Ceylon Tea- Open up your senses with a cup of tea
Introduction of Ceylon Tea
Sri Lanka, though a small size country in geographically, it is the fourth largest tea producer in the world with and its total production of over 300,000 tons annually. Sri Lanka exports most of its tea, making it the world’s third largest exporter of tea. Tea is the most delightful, famous and enjoyable beverages in Sri Lanka. For Sri Lankans tea is only second to water. Every single person in the nation enjoys at least three times cups a day. Every occasion or any gathering from small group to large groups of Sri Lankans is celebrated with a cup of tea, and there is no any substitute for tea. Tea has become the drink of the poor man and rich man’s as well. The strength of Sri Lankan tea lies however not merely in the volume of production, but also in its premium high quality and taste. Tea thrives on sloping terrain and it is grown in Sri Lanka in the central highlands and southern inland foothills with various elevations. Sri Lankan tea (Ceylon tea) is vary from small leaf to long leaf teas and from light fragrant cup character to strong, bright colored cup character. Most of the tea in the world market that branded and blended have been enhanced by a percentage of Ceylon Tea. The main and highlighted characteristics of Ceylon tea are the rich, mellow flavor, golden color and pleasant natural aroma which make Ceylon tea more unique and the best in the world. Much of black tea is manufactured in Sri Lanka with a orthodox process. Sri Lankan tea production is only using the manual plucking of tea leaves to make certain that only the unopened bud and two leaves are plucked to guarantee the best quality of tea. 90% of the manual tea plucking is done by ladies. Sri Lanka also produces CTC (Cut, twist and curl) in certain quantity of teas, green teas, silver tea, white tea and organic tea as well.
Nuwara Eliya, Bandarawela, Badulla, Ella, Dimbula, Uda Pussellawa, Kandy, Sabaragamuwa & Ruhuna are the major tea growing regions of Sri Lanka. The total tea cultivation area of Sri Lanka is over 222,000 Hectares. That is nearly 4% of the lands of the country. Tea has become the most important agriculture export in Sri Lanka and this industry provides direct & indirect employment to approximately one million people. Sri Lanka Tea Board is the government body that is responsible for the development, researches and promotions of Ceylon Tea. Also they ensure that all teas produced and exported from Sri Lanka adhere to the minimum standards & qualities.
History of Ceylon Tea
The scientific name of the tea plant is “Camellia sinensis”. The term of sinensis is Latin for Chinese. This name was given because of the first tea plant was discovered in China. The history of Ceylon (Sri Lanka was known as Ceylon during the British Era) tea was as far back as the year of 1824. The very first tea plant was brought to Sri Lanka from China and it was planted in the Peradeniya Royal Botanical Gardens that is located very close to Kandy. After the planting the first tea plant, it is considered as the first non-commercial tea plant in Sri Lanka.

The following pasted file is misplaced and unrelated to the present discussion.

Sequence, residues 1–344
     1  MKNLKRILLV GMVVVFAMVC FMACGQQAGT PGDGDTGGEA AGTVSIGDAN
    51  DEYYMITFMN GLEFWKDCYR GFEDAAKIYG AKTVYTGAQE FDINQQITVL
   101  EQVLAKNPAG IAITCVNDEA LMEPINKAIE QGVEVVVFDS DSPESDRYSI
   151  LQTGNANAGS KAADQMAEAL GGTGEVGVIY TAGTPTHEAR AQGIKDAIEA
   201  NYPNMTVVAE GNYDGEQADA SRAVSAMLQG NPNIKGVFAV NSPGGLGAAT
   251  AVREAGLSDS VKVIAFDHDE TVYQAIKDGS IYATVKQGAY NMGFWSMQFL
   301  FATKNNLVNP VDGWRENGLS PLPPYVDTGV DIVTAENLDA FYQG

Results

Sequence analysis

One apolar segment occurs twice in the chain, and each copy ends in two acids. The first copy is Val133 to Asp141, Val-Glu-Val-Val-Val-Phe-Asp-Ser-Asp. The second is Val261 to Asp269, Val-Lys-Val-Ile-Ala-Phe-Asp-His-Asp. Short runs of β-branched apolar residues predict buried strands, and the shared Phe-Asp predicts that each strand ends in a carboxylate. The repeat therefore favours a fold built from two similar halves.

Until 1860’s the main crop produced in Sri Lanka was coffee. The British Governor Sir Edwards Barnes (1824-1832) introduced coffee to Sri Lanka as a commercial cultivation in Matale, Gampola and Nawalapitiya areas. Coffee was the main product until 1867 and then “Coffee Blight” (Hermileia vasastrix) affected and destroyed most of coffee plantations. Due to this fungus, coffee exports collapsed in 1883 completely. After the destruction of Coffee cultivation of Sri Lanka, British officials was thinking of trying and introducing tea to Sri Lanka. As a result of it, famous Scottish Tea planter “Sir James Taylor” planted tea seedlings over 8 hectares of land at “Loolkandura Estate” in Deltota in 1867 where 40 kilometers from Kandy. In 1872, Sir James Taylor established a fully equipped tea factory at Loolkandura Estate and in the same year, he could sell the first stock of tea in Kandy. Late this year, it means in 1873, the first international tea shipment was made to London and it was 10 Kilograms (23 Lbs.) It was sold at a tea auction in London successfully.
Later on British saw that the soil in Hill country is ideal for tea cultivation and they expanded tea plantations into larger scale. Tea was successfully grown in Nuwara Eliya, Haputale, Hatton, Dickoya, Thalawakale, Bandarawela, and Matale regions. The tea production was rapidly increased in 1880 and 1899s and the total lands of 400,000 acres were converted into tea plantations. Rapid growth, the high standards with high quality and the popularity of the Ceylon tea, it being sold in many auctions . The first public auction was held in Somerville in July 1883 and later, there were many auctions of Ceylon Tea in worldwide. One of the largest auction was held in Chicago – Chicago World Fair in 1893 and according to the records, one million of tea packets were sold in this fair.
Regions of Ceylon Tea